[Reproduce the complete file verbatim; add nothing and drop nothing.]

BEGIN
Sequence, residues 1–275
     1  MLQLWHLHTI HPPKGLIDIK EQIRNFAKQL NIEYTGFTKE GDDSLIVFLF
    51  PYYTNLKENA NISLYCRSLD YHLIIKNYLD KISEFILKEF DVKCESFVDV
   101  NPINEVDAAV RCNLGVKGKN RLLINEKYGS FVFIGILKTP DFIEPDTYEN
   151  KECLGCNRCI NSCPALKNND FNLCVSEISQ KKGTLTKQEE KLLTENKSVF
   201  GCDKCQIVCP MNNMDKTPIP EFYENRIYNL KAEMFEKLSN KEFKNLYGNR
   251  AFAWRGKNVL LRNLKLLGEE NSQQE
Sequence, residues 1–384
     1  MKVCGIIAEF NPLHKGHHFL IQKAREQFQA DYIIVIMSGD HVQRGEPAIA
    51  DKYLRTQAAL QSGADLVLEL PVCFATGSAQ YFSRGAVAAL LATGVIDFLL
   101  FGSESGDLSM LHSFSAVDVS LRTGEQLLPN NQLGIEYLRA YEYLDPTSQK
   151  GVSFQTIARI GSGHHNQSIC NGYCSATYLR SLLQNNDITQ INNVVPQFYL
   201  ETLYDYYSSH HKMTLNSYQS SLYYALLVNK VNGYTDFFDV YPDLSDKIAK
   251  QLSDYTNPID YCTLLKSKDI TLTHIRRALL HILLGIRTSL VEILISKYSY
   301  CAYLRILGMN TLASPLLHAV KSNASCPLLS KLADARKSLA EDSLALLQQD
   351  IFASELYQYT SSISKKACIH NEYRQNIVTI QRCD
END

Sequence, residues 1–275
     1  MLQLWHLHTI HPPKGLIDIK EQIRNFAKQL NIEYTGFTKE GDDSLIVFLF
    51  PYYTNLKENA NISLYCRSLD YHLIIKNYLD KISEFILKEF DVKCESFVDV
   101  NPINEVDAAV RCNLGVKGKN RLLINEKYGS FVFIGILKTP DFIEPDTYEN
   151  KECLGCNRCI NSCPALKNND FNLCVSEISQ KKGTLTKQEE KLLTENKSVF
   201  GCDKCQIVCP MNNMDKTPIP EFYENRIYNL KAEMFEKLSN KEFKNLYGNR
   251  AFAWRGKNVL LRNLKLLGEE NSQQE
Sequence, residues 1–384
     1  MKVCGIIAEF NPLHKGHHFL IQKAREQFQA DYIIVIMSGD HVQRGEPAIA
    51  DKYLRTQAAL QSGADLVLEL PVCFATGSAQ YFSRGAVAAL LATGVIDFLL
   101  FGSESGDLSM LHSFSAVDVS LRTGEQLLPN NQLGIEYLRA YEYLDPTSQK
   151  GVSFQTIARI GSGHHNQSIC NGYCSATYLR SLLQNNDITQ INNVVPQFYL
   201  ETLYDYYSSH HKMTLNSYQS SLYYALLVNK VNGYTDFFDV YPDLSDKIAK
   251  QLSDYTNPID YCTLLKSKDI TLTHIRRALL HILLGIRTSL VEILISKYSY
   301  CAYLRILGMN TLASPLLHAV KSNASCPLLS KLADARKSLA EDSLALLQQD
   351  IFASELYQYT SSISKKACIH NEYRQNIVTI QRCD